Evolution of Invertebrates: Symmetry & Specialization

Lesson Transcript
Instructor: Elizabeth Friedl

Elizabeth, a Licensed Massage Therapist, has a Master's in Zoology from North Carolina State, one in GIS from Florida State University, and a Bachelor's in Biology from Eastern Michigan University. She has taught college level Physical Science and Biology.

Invertebrates are animals without a backbone that can be found in various environments from the land to the sea. Explore invertebrate evolution through the development of symmetry, specialized tissues, and unique heads housing all sensory organs. Updated: 11/20/2021

What Are Invertebrates?

You might have it in your head that humans rule the planet. We are everywhere, that's for sure. But even with the more than 7 billion people on Earth, we've got nothing on the invertebrates. These are animals that don't have a backbone, and they constitute a whopping 97% of the animals found on Earth! You're likely very familiar with invertebrates already. Included in this group are things like worms and insects, but also spiders, sea anemones, clams, and even squid!

As you can see, invertebrates are quite diverse and cover all sorts of environments. Some of the earliest-known animal fossils are invertebrates, but they certainly have come a long way since then. The three main things that develop as invertebrate animals evolve are symmetry, specialization, and cephalization. Let's take a closer look at each of these to understand how invertebrates have evolved over time to become the incredible world-dominating animals that they are today.

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  • 0:01 What Are Invertebrates?
  • 0:57 Developing Symmetry
  • 2:25 Tissue Specialization
  • 4:04 A Good Head on Your Shoulders
  • 5:37 Lesson Summary
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Developing Symmetry

Simply put, if your body doesn't have a lot of specialized tissues and organs, it probably doesn't have much symmetry either. Take a look at yourself in the mirror to get a better idea of how this works. If you split yourself right down the middle you would have two halves that are mirror images of each other; in other words, you have bilateral symmetry ('bi' for 'two' and 'lateral' for 'side').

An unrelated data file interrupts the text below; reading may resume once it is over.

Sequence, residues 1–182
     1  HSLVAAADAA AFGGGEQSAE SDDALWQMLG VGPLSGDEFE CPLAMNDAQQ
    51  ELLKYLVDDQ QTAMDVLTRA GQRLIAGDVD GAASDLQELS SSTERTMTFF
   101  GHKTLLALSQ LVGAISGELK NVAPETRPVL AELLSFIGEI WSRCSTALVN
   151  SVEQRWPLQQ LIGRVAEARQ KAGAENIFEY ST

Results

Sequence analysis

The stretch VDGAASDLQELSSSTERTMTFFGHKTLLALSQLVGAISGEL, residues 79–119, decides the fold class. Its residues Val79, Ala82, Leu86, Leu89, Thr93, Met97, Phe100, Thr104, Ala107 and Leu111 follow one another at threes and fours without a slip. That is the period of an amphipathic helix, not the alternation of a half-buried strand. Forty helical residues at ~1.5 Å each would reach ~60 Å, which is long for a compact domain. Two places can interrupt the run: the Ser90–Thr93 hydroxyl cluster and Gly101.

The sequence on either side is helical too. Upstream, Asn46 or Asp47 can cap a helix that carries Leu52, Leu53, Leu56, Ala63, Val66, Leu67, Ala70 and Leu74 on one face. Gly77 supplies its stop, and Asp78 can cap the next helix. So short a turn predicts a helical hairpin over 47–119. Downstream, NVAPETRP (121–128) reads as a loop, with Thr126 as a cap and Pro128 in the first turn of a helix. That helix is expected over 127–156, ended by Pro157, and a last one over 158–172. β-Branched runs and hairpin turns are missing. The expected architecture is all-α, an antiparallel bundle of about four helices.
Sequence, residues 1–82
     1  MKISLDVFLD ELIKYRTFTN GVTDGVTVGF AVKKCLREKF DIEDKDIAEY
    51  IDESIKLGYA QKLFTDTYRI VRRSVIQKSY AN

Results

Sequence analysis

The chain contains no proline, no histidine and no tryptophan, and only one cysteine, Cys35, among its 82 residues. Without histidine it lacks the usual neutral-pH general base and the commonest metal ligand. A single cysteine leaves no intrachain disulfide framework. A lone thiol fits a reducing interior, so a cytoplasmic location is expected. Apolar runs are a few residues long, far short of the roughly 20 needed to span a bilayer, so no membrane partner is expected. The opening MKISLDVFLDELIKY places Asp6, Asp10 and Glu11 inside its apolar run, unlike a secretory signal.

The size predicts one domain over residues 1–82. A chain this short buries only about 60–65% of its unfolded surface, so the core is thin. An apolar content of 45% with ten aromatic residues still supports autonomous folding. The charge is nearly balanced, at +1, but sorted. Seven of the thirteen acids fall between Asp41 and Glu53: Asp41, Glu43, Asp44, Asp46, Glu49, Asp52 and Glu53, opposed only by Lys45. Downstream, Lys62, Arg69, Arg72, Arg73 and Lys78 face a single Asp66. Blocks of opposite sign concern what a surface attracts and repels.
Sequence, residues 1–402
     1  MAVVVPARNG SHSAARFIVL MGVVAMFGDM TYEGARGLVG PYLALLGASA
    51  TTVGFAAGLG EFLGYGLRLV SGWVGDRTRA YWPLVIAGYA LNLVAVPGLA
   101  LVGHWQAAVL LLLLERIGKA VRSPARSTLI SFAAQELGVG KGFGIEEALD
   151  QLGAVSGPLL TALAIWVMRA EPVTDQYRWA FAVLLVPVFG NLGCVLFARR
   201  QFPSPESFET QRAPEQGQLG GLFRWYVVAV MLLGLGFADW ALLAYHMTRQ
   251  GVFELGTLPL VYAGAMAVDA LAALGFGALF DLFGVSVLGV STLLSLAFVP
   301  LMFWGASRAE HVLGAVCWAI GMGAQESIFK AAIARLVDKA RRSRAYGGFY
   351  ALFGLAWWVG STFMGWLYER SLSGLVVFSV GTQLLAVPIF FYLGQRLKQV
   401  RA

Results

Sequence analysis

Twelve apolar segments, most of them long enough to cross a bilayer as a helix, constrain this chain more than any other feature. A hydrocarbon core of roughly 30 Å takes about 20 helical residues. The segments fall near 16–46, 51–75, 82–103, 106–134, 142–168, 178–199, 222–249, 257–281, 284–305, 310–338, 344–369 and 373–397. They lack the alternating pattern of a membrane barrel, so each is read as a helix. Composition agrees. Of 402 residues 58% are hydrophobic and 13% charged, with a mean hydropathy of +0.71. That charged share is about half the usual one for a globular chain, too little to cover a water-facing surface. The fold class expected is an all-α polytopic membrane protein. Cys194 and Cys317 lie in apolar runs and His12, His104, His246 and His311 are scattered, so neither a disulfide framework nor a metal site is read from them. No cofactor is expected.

Most invertebrates have this type of symmetry, but others have radial symmetry, which is when all sides are the same. The term comes from the symmetry that 'radiates' from the center, like spokes on a wheel or slices of pizza. Things like sea stars and sea anemones have this type of symmetry. This serves these animals well because the environment around them is the same on all sides.

Some invertebrates, like sponges, do not have any symmetry at all. They are also the simplest of all animals and have no nerves, muscles, or organs. This relationship between body symmetry and body complexity makes sense if you think about it. If you have complex tissues and organs, you'll also need a blueprint of where those things belong. Imagine if your heart was in your thigh instead of your chest, or your eyes were in your feet instead of your head. What if your toes were on your ears, or just randomly scattered about your body?

These structures would be pretty useless if they were in the wrong place, so having designated areas of the body (the head, tail end, right side, and left side) allows them to go where they are best suited.

Tissue Specialization

We've already touched on specialization a little, but it's so important it deserves a bit of time to itself. Basically, as animals become larger and more complex, their tissues become specialized to form distinct body parts. Nerve cells are different from muscle cells because they perform different - or specialized - functions, just like kidney cells are different from lung cells for the very same reason. You don't need to get too far into the invertebrate world to see how specialization plays a role in the lives of animals.

Because really simple animals like sponges don't have any specialized tissues, they just hang out on the bottom and exist; but right down the street we might find some flatworms that have a head, a mouth, digestion organs, and even nerve cords. Some flatworms are free-living while others are parasitic, but without these specialized tissues they'd be stuck to the bottom like their neighbor the sponge.

Even more complex invertebrates exist, things such as crustaceans and insects, and these guys not only have more complex organs and tissues than their flatworm friends, but they also have segmented bodies and structures like pincers, stingers, antennae, and eyes. They can see, feel, fly, swim, and jump, but also eat a wider variety of diets and live in many different environments.

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